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Microsoft signs 10-year deal with Nintendo in fight to salvage Activision deal End-shutdown

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Microsoft Announced has agreed partnerships with Nvidia and Nintendo as it tries to convince European Union officials to approve its $69 billion purchase of Activision Blizzard, the company behind the popular Call of Duty gaming franchise.

Microsoft Chairman Brad Smith held a closed-door meeting Tuesday with EU regulators and competitors in Brussels to address concerns that the Activision Blizzard acquisition could harm competition in the video game industry. The deal has also come under scrutiny from US and UK regulators.

Microsoft

(MSFT)
said it has entered into a 10-year partnership with Nvidia to bring Xbox PC games to Nvidia’s cloud gaming service. in a statements, the software giant said the partnership “resolves Nvidia’s concerns with Activision Blizzard. Therefore, Nvidia offers its full support for the regulatory approval of the acquisition.”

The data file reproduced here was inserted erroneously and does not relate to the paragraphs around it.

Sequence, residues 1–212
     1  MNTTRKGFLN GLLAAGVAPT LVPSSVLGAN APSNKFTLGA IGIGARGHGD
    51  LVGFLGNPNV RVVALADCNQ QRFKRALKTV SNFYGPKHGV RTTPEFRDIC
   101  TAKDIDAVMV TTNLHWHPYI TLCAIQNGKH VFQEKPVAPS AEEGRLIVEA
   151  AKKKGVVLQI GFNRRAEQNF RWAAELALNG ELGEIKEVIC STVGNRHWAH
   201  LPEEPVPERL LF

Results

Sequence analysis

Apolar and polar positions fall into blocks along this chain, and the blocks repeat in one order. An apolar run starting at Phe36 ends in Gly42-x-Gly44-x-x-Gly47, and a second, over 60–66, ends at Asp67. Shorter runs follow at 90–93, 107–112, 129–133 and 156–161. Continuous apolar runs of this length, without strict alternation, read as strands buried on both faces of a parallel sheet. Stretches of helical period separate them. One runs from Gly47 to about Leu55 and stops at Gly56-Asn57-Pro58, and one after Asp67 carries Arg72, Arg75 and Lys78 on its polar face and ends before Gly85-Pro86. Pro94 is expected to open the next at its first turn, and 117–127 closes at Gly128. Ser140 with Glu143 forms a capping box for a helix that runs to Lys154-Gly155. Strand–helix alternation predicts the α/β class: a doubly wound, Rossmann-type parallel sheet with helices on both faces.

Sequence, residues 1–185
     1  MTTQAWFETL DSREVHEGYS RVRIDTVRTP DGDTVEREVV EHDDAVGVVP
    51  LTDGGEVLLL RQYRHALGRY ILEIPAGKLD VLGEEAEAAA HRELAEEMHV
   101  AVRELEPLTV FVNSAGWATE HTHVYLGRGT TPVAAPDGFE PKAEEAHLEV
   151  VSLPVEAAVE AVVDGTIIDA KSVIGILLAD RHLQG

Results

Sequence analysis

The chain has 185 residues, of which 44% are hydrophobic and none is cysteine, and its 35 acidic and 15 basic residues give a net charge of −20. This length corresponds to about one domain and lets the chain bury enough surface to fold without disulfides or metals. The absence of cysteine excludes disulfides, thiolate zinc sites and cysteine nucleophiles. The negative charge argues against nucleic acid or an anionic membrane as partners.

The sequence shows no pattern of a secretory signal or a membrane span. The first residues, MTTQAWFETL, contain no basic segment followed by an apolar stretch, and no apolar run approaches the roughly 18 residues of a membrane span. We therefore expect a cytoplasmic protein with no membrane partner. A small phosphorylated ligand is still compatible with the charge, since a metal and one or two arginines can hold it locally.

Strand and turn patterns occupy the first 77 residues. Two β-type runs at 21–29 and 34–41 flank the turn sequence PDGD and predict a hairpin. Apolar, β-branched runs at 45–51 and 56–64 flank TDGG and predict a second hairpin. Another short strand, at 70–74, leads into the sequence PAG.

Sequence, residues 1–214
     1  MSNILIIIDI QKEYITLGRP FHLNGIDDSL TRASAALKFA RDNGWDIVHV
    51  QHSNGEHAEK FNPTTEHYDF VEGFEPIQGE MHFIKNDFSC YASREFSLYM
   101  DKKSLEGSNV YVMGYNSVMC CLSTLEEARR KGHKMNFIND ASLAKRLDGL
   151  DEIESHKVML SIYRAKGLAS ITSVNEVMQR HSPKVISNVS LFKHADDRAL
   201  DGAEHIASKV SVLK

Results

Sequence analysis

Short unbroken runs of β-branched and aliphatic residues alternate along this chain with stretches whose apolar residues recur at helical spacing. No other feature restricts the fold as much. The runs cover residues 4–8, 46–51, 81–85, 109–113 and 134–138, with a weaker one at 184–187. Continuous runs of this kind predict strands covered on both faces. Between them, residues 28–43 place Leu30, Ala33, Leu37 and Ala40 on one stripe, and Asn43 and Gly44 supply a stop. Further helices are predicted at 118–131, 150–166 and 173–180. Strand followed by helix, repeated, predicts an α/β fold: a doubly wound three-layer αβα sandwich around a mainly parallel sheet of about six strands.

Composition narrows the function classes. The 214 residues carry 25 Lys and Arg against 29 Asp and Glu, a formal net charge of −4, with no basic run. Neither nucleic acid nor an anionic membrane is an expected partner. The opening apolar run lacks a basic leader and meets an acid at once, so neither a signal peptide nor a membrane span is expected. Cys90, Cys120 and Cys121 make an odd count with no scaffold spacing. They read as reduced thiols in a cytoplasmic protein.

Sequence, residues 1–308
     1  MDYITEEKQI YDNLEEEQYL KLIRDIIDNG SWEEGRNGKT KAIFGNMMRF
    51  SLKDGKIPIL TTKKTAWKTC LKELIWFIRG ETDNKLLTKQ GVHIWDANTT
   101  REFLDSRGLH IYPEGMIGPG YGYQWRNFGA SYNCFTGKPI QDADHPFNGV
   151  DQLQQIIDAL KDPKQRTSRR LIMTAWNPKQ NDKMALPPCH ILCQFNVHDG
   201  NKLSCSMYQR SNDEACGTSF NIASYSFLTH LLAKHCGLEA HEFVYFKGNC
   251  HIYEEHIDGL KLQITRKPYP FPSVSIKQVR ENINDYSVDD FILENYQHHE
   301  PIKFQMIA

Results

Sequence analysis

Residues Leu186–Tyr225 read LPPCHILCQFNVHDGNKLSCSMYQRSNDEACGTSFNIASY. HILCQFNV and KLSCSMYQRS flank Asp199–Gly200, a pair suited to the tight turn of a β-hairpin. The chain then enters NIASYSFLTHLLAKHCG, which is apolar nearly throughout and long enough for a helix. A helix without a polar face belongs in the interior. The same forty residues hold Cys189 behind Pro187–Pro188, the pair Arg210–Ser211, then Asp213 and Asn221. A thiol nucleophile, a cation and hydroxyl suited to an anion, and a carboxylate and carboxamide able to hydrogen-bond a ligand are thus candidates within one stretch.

Microsoft also revealed that it has finalized a 10-year agreement to bring the latest version of “Call of Duty” to Nintendo’s platform once the merger with Activision is complete.

Smith told CNN’s Richard Quest on Tuesday that “a lot has changed today because Microsoft has announced two deals that together will bring Call of Duty, the game everyone’s been talking about, to 150 million more people on Nintendo devices and games.” Nvidia cloud streaming services. He went on to say that these two agreements address concerns that Call of Duty will be less available than it is today and more available because of these two binding agreements.

“We really do have one main company that is opposed to this deal, and that is Sony, and we have made it clear that we are happy to sign a 10-year deal with Sony and we are prepared to enter into regulatory obligations as well, whether it be in London, Brussels or Washington,” Smith said. “So, in addition to a contract, we would have a duty under the law.”

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